Gmail adds offline feature
(My latest Internet column for my old newspaper, The Lawton Constitution).
I've long been a fan of Webmail services such as Gmail and Yahoo Mail.
I change Internet providers all the time, but I've been able to keep the same e-mail addresses for years. Someone who writes to me using an e-mail address that's five years old will likely get me.
There's one disadvantage to using Webmail. You can't use it when you are disconnected from the Internet. You can use an e-mail program such as Outlook Express with Gmail and other Webmail services, but you can't use the service itself.
Until now. Gmail has just launched a new service, allowing its users to work with their Gmail even when disconnected from the Internet. It seems very promising, although it still has a few bugs.
The offline version of Gmail works by loading a Google software program called Google Gears, which is an add-on for the browser you use to look at Internet sites.
Google Gears can be used with both Internet Explorer and Firefox. It allows users to save information for Google applications so that they can still use them when you aren't connected to the Internet.
Google Gears was deployed first for Google Reader, Google's online tool for reading blogs. It then made Google Docs available offline. (Google Docs at is an online office suite that allows users to create or read text documents, spread sheets or slide shows from any computer connected to the Internet.)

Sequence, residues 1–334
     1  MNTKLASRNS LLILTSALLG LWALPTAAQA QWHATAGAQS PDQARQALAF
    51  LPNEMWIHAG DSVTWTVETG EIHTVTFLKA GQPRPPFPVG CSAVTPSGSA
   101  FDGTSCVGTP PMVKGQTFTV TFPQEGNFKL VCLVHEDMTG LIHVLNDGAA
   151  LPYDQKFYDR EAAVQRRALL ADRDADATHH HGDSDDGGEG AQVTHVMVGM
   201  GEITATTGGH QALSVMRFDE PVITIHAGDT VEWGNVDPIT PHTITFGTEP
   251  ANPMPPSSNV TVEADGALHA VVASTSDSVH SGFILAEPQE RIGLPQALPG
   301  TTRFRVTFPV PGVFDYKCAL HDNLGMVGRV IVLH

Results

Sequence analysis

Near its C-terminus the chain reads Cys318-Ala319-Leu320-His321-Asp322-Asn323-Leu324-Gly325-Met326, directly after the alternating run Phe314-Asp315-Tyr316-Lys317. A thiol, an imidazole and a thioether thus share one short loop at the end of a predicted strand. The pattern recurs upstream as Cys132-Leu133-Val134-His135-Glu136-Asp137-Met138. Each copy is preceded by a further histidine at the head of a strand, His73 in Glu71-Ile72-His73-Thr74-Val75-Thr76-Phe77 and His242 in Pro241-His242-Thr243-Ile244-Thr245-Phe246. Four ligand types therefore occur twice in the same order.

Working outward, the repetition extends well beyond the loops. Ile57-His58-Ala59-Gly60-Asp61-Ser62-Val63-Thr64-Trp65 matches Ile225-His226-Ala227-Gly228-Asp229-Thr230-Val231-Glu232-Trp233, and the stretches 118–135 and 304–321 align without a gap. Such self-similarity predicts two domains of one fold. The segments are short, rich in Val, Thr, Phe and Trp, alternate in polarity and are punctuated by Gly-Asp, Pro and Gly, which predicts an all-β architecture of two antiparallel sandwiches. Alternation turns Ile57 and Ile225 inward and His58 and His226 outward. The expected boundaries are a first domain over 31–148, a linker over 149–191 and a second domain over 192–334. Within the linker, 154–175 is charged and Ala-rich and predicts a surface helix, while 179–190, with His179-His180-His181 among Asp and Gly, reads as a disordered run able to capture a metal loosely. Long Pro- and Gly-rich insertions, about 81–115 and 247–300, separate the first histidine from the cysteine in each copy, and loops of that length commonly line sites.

Using Google Gears for Gmail only started a few days ago.
To try offline Gmail, click on "Settings" when you are logged into your account, then click "Labs," where Gmail keeps new, experimental features. Click "enable" for Offline, then click "Offline" while you are in your Inbox.
Google will walk you through what you need to do. It will put a Gmail icon on your desktop, which you'll click to log in to your e-mail when you are not connected to the Internet.
You can read your messages offline, compose new messages and do anything else you would normally do while connected to the Internet. Then, when you connect again, what you did offline will be synchronized with your online Google account.
It took Google awhile to figure out how to use Google Gears with Gmail, despite the obvious demand for offline e-mail, and there are still a few bugs with the service. When I tried it the first time, the offline feature someone got switched off, and I had to enable it for my account again. I've also encountered delays trying to synchronize my account, even when I appear to have a good Internet connection.
I generally have the Internet connected all the time at work and at home, but the offline service would be useful when I know I can't be connected for awhile — when I'm on a plane, for example. It would also be a way to "get by" for people who are on the road or can't afford an Internet service. You could work on your mail offline, then synchronize when you go to the library or a coffee shop.
It does work, but if you want a service that works flawlessly, it might be a good idea to wait a few months for Google to get the bugs squeezed out.
File storage. Speaking of Gmail, here's a simple idea for file storage. E-mail documents you want to store online to your Gmail account, and you have an archive that's searchable. You also have an online storage site that's unlikely to disappear soon. (XDrive, a free online storage stie that was run by AOL, shut down last month.)
I got the idea from an author named Susan Wise Bauer who is writing a history of the world in several volumes. She mentioned in her blog that she backed up the first volume by e-mailing copies of the chapters to her Gmail account.
Watching the lawmakers. The Oklahoma Legislature has just begun its new session. You can track the bills you are interested in by going to ok.gov/3167/3512/3180/3382/. (Or go to ok.gov and follow the bill tracking link.)